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Potential for half-cent sales tax referendum in 2022

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The Board of County Commissioners (BOCC) approved a sales tax ballot initiative which will begin the forward motion of a referendum on the November 2022 ballot for an additional half-cent sales tax.  The additional revenue to the county is estimated to be $13,898,033 annually.  A public hearing to adopt the ordinance placing the referendum on the ballot will occur prior to Dec. 1, 2021, and will be publicly noticed. 

The city of Brooksville would receive about $625,000 annually from the half-cent sales tax.

The half-penny Local Option Sales Tax (having the unfortunate acronym of “LOST”) provides additional revenue to the county for infrastructure needs while reducing reliance on property taxes.  Another advantage according to the county is that an estimated 25% of the extra sales tax would be paid by tourists and people who work in Hernando County but do not live here.

Exemptions still apply to groceries, medical services, medication, and fuel. The tax would only be collected on the first $5,000 of large purchases of tangible personal property, or a maximum of $50 on a single purchase.  

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Usage of the tax revenue will be approved projects, which will be listed on the final ballot referendum.  As of Tuesday’s meeting, the approved projects for receiving funds from this proposed tax are transportation and roadways, parks and recreation, and emergency services. 

The sales tax will come with an expiration date, which will be decided by voters whether or not to renew.

The board as a whole is optimistic that voters will see the benefit of a tax that everyone pays, and that will be applied to ease problem roadways, a common subject of concern that affects everything from traffic headaches to new housing development to safety in school zones.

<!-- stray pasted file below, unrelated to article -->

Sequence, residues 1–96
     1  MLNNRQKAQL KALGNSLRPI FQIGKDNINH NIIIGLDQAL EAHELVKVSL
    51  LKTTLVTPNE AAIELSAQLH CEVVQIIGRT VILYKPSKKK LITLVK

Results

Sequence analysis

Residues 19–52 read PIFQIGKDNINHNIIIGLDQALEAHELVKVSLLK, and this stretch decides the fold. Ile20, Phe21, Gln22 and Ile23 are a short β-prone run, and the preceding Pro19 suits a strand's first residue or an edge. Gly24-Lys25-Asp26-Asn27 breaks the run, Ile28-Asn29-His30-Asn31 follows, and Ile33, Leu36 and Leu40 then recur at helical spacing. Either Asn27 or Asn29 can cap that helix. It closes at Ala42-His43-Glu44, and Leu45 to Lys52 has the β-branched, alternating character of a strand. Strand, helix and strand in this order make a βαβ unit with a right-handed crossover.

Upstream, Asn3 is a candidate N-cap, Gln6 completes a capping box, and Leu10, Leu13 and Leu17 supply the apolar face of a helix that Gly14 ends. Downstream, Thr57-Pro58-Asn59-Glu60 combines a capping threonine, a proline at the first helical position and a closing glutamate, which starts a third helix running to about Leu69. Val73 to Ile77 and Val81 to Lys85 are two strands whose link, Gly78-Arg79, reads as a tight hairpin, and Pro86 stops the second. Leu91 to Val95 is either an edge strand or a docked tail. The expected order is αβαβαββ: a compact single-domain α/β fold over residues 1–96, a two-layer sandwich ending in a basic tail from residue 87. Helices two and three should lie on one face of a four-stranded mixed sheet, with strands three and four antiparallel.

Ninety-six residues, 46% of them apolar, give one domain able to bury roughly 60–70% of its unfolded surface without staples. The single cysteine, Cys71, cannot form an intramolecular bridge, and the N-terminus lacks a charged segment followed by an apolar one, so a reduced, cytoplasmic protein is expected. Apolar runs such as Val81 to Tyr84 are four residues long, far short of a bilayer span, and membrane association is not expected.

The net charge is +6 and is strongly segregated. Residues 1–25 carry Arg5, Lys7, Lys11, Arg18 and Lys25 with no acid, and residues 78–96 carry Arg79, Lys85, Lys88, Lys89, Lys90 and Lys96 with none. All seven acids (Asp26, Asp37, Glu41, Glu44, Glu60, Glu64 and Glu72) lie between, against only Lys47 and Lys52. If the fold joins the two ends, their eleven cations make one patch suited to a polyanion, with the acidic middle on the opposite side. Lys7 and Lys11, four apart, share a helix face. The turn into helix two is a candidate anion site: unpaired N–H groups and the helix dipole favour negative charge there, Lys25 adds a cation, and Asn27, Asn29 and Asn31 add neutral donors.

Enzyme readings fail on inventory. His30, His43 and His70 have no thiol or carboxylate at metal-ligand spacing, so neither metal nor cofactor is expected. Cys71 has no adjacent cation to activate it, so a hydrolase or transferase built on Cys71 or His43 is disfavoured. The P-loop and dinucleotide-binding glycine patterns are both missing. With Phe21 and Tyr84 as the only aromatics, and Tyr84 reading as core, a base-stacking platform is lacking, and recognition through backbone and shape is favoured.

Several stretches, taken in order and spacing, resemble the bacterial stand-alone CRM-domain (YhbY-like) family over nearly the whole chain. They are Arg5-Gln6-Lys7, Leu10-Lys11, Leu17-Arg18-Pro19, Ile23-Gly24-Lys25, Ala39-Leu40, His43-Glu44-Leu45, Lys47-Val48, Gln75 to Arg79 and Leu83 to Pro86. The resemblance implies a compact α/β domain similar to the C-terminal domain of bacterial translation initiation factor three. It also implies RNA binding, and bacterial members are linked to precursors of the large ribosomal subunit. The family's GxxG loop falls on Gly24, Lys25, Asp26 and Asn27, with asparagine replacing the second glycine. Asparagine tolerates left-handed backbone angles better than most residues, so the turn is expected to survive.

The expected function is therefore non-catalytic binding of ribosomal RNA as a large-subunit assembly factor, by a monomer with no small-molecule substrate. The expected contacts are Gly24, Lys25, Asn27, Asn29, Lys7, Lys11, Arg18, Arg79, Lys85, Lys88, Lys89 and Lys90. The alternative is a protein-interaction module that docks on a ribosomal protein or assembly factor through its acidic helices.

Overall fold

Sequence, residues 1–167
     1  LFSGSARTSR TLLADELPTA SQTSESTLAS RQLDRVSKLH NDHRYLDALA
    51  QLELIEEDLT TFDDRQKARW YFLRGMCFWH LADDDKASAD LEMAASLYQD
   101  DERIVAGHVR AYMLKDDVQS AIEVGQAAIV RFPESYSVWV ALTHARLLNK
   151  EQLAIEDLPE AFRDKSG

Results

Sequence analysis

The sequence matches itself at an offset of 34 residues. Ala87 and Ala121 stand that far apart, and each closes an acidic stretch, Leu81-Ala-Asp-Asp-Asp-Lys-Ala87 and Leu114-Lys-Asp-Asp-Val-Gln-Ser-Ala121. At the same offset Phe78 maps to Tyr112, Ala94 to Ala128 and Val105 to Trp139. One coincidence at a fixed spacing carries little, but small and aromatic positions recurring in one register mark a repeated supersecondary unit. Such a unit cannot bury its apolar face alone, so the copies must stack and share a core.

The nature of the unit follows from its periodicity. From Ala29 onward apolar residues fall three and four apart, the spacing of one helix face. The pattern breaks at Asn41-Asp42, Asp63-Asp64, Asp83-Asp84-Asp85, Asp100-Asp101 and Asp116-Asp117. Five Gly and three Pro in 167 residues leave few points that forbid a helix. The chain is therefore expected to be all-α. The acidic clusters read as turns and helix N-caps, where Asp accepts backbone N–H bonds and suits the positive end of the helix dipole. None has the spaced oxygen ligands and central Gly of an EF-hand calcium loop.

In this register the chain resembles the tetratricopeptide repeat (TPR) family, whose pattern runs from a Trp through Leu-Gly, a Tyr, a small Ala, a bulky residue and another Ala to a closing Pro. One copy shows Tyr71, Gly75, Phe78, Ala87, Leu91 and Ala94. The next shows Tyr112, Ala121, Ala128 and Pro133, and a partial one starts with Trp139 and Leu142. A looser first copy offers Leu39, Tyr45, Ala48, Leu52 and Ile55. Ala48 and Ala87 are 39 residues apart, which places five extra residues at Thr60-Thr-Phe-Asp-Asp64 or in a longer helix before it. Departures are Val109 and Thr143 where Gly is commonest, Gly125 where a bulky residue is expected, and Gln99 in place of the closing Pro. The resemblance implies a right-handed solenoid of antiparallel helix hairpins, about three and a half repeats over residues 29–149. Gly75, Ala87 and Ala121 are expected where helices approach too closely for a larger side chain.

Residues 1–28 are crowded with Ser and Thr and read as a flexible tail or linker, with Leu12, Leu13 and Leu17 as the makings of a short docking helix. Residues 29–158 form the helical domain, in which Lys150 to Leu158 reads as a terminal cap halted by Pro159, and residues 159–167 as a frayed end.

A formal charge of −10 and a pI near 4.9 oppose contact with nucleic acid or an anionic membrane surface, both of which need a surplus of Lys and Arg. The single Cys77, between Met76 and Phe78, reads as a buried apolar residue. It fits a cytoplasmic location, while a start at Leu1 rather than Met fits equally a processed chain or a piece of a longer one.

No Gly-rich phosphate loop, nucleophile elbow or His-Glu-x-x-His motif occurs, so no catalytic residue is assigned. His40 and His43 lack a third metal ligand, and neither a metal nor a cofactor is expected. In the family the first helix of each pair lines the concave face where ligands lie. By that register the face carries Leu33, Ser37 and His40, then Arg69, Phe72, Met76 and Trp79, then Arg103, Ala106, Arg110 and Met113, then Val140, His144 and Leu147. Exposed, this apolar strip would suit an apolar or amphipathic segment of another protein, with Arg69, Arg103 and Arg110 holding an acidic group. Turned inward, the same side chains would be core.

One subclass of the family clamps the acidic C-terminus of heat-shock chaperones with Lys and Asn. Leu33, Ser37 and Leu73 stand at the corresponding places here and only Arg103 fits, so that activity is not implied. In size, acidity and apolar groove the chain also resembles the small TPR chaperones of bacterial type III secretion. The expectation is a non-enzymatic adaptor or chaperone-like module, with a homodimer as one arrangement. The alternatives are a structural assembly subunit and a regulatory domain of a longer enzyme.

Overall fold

“How could you not do that?” Commissioner Jeff Holcomb said, praising the potential of the sales tax to reduce the millage rate and retain more money in the county’s General Fund. “It’s a better way to tax, and it’s a better way to raise revenue (that’s) not on the backs of our citizens.”

Commissioner Steve Champion voiced concern about the school district possibly renewing their half-cent sales tax (which is used for school building repairs and remodeling) on the same ballot.  “The people I’ve talked to are not happy with the school system. If that’s on the ballot with ours, you can bet all of them are going down in flames.” 

The county is facing at least $206.5 million in transportation projects currently funded by existing and future impact fees, grants, and sales taxes.  Quality of life needs costing $17,184,613 include the Anderson Snow Splash park and Recreation area, Eco-Tour Boardwalks at the Weekiwachee Preserve, and other projects involving parks and boat ramps. 

Compared to neighboring counties, Hernando (6.5%) is second to Citrus (6%) for having the lowest sales tax rate.  Levy, Sumter, Pasco, Lake, and Marion counties rates are 7%, while Hillsborough is 7.5%.

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